Singletrack Podcast – Where we try to unscramble what Brexit means for us

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So Brexit is here now for real. It’s all come down to this. We are on the other side and following a hurried through set of Christmas free trade rules. What does Brexit mean for mountain bikers?

There are businesses announcing their changes on a daily basis from British bike companies halting sales to the EU to EU brands upping their prices or refusing to deliver to the UK.

These are the sunny uplands and we are determined to get to the bottom of the new normal. So, Charlie, Hannah and Mark sat down to record this episode to try and explain what has just happened and how it affects us, as mountain bike riders and buyers, on a day to day basis.

Can we still buy bikes for the EU? What about small parts? Can I take my bike on holiday and get it or me fixed if I break something? What is a tariff? Who pays VAT now? Can I still buy cheap wine in Calais?

These questions and more we try and unscramble.

But wait! Did we find some benefits of Brexit? You bet we did. Listen and find out what it was all really for…

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We don’t generally eat the fish we catch in our waters and we can’t sell them easily to the EU because of the barriers faced by exporters, but it’s fine – they are now happy fish and that’s what really matters.

Still waiting for the benefits. Drop us a comment or email if you have any positive Brexit stories to share.

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Comments (20)

    Right… Sure thing, it is inconvenient, it require step back, it require planning forward, but I can say been there, done that…
    Pre 2004, when Poland wasn’t member of EU I was working for company that was buying loads of components from Europe, using them in our products assembly/production/enrichment and then selling it back to Europe and around the world.
    And we were doing it happily for years and years.
    It was small, really small company, producing some silver and amber jewelry. Employing handful of people. By handful I mean 15, including Big Boss and his wife…
    So why not going back to oldschool and just dusting back old ways?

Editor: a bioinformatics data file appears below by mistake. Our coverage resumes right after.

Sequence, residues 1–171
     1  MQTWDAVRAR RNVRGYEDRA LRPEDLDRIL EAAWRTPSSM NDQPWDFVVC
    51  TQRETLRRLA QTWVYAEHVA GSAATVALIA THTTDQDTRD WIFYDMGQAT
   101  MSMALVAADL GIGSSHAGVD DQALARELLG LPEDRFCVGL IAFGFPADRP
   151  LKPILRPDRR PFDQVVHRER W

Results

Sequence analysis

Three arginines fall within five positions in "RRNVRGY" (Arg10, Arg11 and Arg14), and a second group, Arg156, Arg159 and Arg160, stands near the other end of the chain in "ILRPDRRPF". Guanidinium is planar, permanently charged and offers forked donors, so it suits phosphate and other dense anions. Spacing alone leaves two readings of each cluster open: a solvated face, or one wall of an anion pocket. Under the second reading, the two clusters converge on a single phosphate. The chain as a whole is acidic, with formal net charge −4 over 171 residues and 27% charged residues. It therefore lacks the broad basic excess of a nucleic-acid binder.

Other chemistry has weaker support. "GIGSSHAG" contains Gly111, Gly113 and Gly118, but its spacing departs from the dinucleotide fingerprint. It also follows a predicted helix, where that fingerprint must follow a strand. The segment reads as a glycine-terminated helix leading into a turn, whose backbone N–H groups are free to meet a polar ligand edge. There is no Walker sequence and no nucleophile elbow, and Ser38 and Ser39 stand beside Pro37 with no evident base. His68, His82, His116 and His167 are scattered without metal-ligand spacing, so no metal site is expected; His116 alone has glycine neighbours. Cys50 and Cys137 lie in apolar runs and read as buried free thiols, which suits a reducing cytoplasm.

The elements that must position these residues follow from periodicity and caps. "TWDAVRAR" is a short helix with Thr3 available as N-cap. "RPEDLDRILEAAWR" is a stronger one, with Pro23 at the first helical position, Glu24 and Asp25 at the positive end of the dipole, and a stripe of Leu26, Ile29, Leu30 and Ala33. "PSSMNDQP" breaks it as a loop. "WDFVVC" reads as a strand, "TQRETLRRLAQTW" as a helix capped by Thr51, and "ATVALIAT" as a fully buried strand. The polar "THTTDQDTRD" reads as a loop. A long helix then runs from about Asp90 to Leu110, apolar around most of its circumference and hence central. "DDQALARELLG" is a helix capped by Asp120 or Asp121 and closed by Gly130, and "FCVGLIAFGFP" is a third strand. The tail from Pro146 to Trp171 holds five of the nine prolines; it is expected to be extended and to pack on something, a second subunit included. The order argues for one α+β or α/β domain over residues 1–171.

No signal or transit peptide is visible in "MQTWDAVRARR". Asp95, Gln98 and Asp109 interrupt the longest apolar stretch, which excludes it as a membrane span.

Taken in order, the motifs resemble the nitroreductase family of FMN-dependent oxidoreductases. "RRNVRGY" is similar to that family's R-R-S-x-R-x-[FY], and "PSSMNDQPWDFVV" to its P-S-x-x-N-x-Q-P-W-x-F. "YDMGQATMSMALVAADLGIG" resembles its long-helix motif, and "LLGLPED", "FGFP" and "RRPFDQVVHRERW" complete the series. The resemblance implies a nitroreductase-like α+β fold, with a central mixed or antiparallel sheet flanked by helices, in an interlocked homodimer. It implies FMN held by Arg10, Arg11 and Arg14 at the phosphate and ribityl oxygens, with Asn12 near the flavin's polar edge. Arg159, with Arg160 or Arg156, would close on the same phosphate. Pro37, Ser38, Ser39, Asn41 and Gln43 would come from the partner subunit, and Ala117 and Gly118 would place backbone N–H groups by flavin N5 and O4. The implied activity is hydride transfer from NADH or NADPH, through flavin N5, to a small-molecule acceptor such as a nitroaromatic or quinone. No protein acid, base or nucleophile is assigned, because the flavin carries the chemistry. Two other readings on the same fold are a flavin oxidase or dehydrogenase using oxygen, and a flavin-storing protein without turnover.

Cheers!
    I.

    … and few other things.
    1. Samples. Again pre EU joining if you wanted to take some stuff to the exhibition, or have some samples sent to you you just filled ATA Karnet. 2 pages, easy. Sort of temporary “passport” for non-commercial goods that will be the same coming in and going out.
    2. Travel. Require more planning and some sort of responsibility for your own actions. Responsibility and standing to consequences is such a unpopular stuff nowadays, I know. But maybe, maybe, it will prevent at least some idiots going abroad and giving UK bad name. Because it is easier to get drunk in Madrid/Kraków/Praha and leave all mess for locals. It is going to be a bit of a pain, but same as traveling to any other place that require insurance/green card/visa etc..
    I.

    And let’s not forget, for this minor inconvenience the NHS has had an extra £350 million every single week since the middle of 2016. That’s over £60 billion already and rising every single week. For ever. All those extra doctors, nurses and ICU beds must be coming in reality useful now.
    BoZo, Farage and Gove told us so. And they’d never lie to us would they.

    Thanks Ivan, i was struggling to see any genuine, tangible benefit to leaving the EU, an end to violent, piss artist football hooligans in England shirts wasn’t really something I’d considered.
    Not entirely convinced it’ll actually work, (might actually make it worse as their sense of ‘Englishness’ is elevated) unless of course, they’re planning on staying for more than 90 days or studying on the Erasmus scheme!!!!
    But I’ll wait and see, would love to be proved wrong!